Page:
The Cybersecurity and Infrastructure Security Agency (CISA) published Alert AA20-133A to their “top 10” routinely exploited vulnerabilities this week.  While it is informative and a useful centralized source of information, it comes across as just another datapoint to overwhelm asset owners (or maybe it’s not if CISA is aiming for professionals mostly).

Before I continue with my perspective, let’s keep in mind these main considerations:

  • There have been two growing trends by various actors:
    • Weaponized software using aging known vulnerabilities (either for sale, or for selfish purposes)
    • Exploits targeting infrastructure and applications that are used for network connectivity or used for remote access (e.g., VPNs)
  • These vulnerabilities are not everywhere, but multiple steps/vulnerabilities may be required to successfully exploit a flaw. (e.g., network access to a system, that has legacy OLE applications, which can then be used to infect other systems…)
  • The presence of a vulnerability does not mean exploitability nor increased risk

With those considerations in mind, here are my quick positives:

  • The alert is a great summary, and a link I would send to a specific audience of friends and contacts for a niche reason
  • Focuses on updating applications and Operating Systems but does not really acknowledge compensating controls as an effective option in the OT space for managing vulnerabilities & endpoints, which often possess THE vulnerabilities.
  • The recommendation of update library and software components like .NET is fair, but that is also a nitpick– IF you can (this deserves an entire article on its own)
  • Notes malware/groups that are actively exploiting a vulnerability (which can be a great criterion when prioritizing vulnerabilities)
  • Disable, harden, or isolate endpoints/applications that use Microsoft Object Linking and Embedded for various communications IF possible (e.g., OPC & SMB in many cases).
  • Deny, limit and track network connections (e.g., use your firewall properly, segment hosts, and act on any alert from new/anomalous network flows)
  • Protect against any attempt that target vulnerabilities in Remote Desktop (RDP), Terminal Services, VPNs, and other remote software/infrastructure (e.g., Citrix, Checkpoint, PulseSecure, Cisco, PaloAlto, Juniper etc…)

And the negatives (nitpicks):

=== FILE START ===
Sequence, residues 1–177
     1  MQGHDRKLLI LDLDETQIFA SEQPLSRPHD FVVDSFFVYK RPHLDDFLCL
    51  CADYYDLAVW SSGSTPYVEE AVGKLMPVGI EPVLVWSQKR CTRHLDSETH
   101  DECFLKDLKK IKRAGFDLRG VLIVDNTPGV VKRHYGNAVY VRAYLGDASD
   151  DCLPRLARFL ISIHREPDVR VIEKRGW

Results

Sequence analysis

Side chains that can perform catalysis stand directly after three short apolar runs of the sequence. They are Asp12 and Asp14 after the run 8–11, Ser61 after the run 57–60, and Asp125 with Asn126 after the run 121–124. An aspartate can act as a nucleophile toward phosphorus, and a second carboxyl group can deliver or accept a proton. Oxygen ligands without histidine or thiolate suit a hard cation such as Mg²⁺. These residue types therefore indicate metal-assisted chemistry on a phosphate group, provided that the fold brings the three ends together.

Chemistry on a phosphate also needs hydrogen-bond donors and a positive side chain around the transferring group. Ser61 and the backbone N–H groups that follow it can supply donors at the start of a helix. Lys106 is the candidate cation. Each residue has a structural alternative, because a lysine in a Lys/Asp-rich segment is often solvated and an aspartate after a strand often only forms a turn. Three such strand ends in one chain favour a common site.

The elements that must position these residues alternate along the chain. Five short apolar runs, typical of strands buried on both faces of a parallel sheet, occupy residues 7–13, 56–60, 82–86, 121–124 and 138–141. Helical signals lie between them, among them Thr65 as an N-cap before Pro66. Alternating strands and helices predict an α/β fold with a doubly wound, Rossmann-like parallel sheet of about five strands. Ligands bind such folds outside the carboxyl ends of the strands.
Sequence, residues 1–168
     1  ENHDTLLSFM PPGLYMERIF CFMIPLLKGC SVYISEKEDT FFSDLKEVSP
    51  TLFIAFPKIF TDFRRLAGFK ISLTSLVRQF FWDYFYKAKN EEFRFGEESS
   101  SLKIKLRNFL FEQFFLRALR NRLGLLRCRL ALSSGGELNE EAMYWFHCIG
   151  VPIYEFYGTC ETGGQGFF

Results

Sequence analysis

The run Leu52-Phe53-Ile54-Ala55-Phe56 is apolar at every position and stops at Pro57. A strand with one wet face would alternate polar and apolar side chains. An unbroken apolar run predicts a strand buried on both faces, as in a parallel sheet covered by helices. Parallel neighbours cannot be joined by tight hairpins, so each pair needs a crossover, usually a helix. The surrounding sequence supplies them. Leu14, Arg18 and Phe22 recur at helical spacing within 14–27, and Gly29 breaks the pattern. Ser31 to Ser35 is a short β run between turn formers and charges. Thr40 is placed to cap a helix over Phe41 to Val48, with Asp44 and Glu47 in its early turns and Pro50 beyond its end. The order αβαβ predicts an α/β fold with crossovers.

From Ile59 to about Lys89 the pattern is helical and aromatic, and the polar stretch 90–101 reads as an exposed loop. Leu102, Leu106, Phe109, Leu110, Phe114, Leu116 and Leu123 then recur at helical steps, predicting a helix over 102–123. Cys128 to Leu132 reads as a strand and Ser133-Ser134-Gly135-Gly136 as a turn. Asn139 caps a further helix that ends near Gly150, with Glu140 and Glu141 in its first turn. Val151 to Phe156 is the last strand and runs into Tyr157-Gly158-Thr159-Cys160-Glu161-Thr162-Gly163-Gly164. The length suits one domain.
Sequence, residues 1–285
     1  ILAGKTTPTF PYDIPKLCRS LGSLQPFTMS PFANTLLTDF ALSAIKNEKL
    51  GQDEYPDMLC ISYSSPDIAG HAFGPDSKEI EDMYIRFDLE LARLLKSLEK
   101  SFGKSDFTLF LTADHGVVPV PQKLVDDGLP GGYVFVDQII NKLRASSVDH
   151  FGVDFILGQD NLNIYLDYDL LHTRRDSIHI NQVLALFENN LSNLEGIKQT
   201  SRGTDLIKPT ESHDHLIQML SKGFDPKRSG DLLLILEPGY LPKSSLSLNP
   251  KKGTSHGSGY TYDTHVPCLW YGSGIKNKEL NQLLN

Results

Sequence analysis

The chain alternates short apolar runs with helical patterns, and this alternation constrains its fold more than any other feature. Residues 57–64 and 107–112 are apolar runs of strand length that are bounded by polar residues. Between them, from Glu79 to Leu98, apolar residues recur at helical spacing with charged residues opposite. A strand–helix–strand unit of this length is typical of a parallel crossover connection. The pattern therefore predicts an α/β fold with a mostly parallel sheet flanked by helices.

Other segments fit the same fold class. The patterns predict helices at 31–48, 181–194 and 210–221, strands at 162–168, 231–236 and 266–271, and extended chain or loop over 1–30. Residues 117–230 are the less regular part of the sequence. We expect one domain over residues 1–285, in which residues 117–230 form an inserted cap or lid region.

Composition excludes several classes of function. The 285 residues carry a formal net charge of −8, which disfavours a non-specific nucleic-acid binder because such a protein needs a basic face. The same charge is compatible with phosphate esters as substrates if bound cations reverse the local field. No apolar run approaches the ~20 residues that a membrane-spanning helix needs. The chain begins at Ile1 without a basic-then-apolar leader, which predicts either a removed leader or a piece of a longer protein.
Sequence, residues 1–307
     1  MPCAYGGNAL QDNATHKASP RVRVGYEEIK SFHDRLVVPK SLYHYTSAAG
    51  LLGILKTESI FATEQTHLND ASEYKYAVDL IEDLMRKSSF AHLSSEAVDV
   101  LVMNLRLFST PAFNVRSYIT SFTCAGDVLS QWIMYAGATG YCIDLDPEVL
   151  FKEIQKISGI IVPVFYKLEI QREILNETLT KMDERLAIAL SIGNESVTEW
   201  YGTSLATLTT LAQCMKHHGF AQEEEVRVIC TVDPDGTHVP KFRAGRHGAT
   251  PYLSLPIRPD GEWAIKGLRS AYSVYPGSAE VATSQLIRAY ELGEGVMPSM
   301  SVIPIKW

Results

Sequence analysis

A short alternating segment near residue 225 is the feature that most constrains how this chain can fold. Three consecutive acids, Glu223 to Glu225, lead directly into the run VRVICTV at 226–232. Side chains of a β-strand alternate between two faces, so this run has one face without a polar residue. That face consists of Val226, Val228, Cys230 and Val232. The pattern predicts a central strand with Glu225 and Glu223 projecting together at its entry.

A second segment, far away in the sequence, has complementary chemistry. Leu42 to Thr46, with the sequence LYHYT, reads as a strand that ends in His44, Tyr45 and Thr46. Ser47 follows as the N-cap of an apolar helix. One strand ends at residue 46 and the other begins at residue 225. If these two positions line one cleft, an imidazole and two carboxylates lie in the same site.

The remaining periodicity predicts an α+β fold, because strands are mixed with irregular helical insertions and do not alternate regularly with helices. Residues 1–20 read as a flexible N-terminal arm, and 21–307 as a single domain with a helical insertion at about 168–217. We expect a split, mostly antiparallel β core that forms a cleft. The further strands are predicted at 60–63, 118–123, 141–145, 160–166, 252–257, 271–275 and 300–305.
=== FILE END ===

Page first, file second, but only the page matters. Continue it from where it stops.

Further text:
• CISA’s “top” vulnerabilities do not map entirely to CVEs relevant to critical infrastructure and industrial control systems/OT. E.g., Drupal – what does an Opensource CMS have anything to do with process control…?
  • The common mitigation of: “update affected Microsoft products with the latest security patches” is a clumsy blanket statement that does not apply in every situation
  • Naming a technology such as Office365 due to its likelihood to be used by an asset owner (especially with CovID) is like carpet bombing a forest for an ant nest; the how & extent is essential in order to understand a vulnerabilities actual likelihood of exploitation
  • Creates more mud in the vulnerability swamp; more issues to be flagged, and little in the way of how to deal with them across People, Process, and Technology (PPT)

For this article to be helpful to asset owners, CISA should have offered more context on topics that reduce risks vs. merely reporting on exploit metrics:

  • Better categorization of risks, vs. calling out the “observed” usage of CVE’s themselves. The vectors (or CPEs) are far more important to enumerate and derive risk to an organization
  • Stating that software supply chain/component risk are one of the leading sources of vulnerabilities (whether being reported/disclosed or exploited) was not noted. This is bad because the same library (e.g., .NET) can be used in many products, and by many vendors.  Guidance and solutions are needed here if vendors cannot (or will not)
  • Note that most vulnerabilities are exploitable by being networked/connected, but that they also reside on hosts that can often be managed. This is the network enabled attack surface, but also the participants externally, internally, and at the edges of…  Nation states, whatever APT are always poking at systems attached to the Internet, the real problem is determining if anything is awry vs. the usual noise
  • Provide more prescriptive advice on a vulnerability in the form of: if you are a. and have b. and are using it for c. then be concerned and investigate X supplementary material
  • Engage in less perpetuation of some common OT cybersecurity myths. Vulnerability management can be effectively done in OT environments in a variety of situations without massive investments in time or efforts
  • And the lack of understanding/meaningful remediation strategies that to secure an organization REQUIRES both network & ENDPOINTS security

Don’t get me wrong, regular and timely updates are great for the right individual/audience (e.g., I quickly skim it when I grab my first morning coffee), but alerts such as this one can be made better for the audience  communities such as this are supposed to protect; it was just more of the same, and missed the why should I care, and what should I do about it.

Information needs a purpose, and it needs clarity, context for usage and action. Otherwise, it will never provide its true potential.

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